Yeats’ magnificent poem, “The Second Coming” –-

Suppose you have been assigned Yeats’ magnificent poem, “The Second Coming” –-

Turning and turning in the widening gyre
The falcon cannot hear the falconer;
Things fall apart; the centre cannot hold;
Mere anarchy is loosed upon the world,
The blood-dimmed tide is loosed, and everywhere The ceremony of innocence is drowned;

The best lack all conviction, while the worst Are full of passionate intensity.

Surely some revelation is at hand;
Surely the Second Coming is at hand.
The Second Coming! Hardly are those words out When a vast image out of Spiritus Mundi
Troubles my sight: somewhere in sands of the desert A shape with lion body and the head of a man,
A gaze blank and pitiless as the sun,
Is moving its slow thighs, while all about it
Reel shadows of the indignant desert birds.
The darkness drops again; but now I know
That twenty centuries of stony sleep
Were vexed to nightmare by a rocking cradle,
And what rough beast, its hour come round at last,

Slouches towards Bethlehem to be born?

There are many lines in the poem that call for critical interpretation. Let’s suppose we go with the lines that end the first stanza (The best lack all…)—We might craft our question like so:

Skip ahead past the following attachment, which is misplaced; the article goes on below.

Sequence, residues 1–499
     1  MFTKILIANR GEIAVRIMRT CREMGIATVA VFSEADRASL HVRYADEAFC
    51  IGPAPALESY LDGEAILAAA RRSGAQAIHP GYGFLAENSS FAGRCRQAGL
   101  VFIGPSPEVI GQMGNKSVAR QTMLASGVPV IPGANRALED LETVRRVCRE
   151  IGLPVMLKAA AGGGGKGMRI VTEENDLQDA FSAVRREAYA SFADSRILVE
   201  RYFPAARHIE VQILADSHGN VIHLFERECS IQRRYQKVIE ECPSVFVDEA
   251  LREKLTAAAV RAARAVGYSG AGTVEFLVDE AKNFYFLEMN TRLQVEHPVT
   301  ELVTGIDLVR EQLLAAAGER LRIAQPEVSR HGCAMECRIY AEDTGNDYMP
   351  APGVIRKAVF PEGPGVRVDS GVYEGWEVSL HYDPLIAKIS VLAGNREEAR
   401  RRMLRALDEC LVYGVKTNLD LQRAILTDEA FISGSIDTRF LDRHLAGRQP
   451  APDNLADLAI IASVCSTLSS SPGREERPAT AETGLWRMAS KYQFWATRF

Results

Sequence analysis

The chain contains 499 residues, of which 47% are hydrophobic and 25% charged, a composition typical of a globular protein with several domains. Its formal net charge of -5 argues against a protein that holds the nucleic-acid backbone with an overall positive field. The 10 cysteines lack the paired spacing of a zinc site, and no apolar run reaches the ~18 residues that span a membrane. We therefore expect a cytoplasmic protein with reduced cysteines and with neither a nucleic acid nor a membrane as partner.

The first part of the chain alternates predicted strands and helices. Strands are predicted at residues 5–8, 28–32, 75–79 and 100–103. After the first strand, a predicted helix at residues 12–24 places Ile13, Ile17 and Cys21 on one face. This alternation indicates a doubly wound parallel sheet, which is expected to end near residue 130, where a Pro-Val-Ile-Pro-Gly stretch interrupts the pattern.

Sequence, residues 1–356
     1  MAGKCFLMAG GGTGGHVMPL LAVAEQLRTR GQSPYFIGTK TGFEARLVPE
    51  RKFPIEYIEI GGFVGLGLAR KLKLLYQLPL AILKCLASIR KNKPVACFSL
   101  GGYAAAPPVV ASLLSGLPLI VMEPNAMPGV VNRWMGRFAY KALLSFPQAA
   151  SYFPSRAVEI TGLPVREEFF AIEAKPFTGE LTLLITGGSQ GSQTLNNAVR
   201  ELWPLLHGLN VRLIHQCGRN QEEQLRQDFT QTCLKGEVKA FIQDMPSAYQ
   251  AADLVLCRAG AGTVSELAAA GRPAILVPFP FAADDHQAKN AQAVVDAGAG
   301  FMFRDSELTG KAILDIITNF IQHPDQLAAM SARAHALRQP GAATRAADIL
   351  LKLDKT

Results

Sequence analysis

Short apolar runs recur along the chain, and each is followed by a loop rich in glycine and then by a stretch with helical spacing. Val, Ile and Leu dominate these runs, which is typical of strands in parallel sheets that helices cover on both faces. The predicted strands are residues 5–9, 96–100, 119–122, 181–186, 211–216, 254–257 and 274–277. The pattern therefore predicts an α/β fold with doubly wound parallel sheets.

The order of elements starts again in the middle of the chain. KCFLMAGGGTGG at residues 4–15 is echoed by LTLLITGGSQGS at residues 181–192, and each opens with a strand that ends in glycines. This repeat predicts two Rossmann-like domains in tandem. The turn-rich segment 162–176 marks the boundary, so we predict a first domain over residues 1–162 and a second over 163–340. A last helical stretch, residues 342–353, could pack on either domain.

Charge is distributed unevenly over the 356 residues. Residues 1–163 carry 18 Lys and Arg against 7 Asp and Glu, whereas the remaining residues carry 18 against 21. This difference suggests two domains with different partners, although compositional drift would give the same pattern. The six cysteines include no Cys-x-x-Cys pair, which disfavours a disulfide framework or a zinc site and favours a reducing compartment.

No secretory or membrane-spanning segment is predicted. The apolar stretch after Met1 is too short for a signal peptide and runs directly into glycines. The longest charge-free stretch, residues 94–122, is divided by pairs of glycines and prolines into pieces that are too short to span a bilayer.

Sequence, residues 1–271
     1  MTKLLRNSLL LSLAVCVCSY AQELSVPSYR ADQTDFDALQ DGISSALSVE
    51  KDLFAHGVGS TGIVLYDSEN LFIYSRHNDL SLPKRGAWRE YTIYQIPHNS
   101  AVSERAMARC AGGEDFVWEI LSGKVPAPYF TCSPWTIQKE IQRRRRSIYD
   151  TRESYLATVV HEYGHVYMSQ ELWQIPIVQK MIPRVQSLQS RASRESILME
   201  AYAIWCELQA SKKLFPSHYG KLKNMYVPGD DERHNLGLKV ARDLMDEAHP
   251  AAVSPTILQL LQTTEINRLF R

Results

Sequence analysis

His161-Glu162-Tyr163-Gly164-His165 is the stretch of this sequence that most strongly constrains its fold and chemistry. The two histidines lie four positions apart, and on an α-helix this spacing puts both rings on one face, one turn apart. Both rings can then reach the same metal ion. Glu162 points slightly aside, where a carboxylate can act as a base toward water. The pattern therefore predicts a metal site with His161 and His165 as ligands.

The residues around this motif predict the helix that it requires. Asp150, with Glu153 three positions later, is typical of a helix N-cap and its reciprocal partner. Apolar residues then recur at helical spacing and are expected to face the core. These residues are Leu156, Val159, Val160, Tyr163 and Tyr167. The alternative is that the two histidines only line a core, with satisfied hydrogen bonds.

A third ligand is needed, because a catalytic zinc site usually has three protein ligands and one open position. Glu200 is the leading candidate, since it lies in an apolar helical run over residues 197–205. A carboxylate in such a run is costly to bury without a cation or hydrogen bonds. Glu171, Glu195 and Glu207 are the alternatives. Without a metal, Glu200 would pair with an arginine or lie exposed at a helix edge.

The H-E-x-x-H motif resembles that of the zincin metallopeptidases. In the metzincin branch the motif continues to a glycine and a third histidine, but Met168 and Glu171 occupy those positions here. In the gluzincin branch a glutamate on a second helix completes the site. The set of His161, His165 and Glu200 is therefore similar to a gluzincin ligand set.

At the end of the first stanza of Yeat’s “The Second Coming,” he writes, “The best lack all conviction, while the worst / Are full of passionate intensity” (7,8). Does Yeats give any indication as to who exactly “the best” and “the worst” are? What other lines in the poem might lend a clue as to which sides of this spiritual war Yeats attributes good and evil to?

If a classmate had written this question and the question intrigues you, you would then choose it to write your 500 word response for the second part of the forum. Please note, also, the form with which the lines of the poem are cited. We use MLA citation in this class and I will expect you to provide citations whenever and wherever possible and necessary.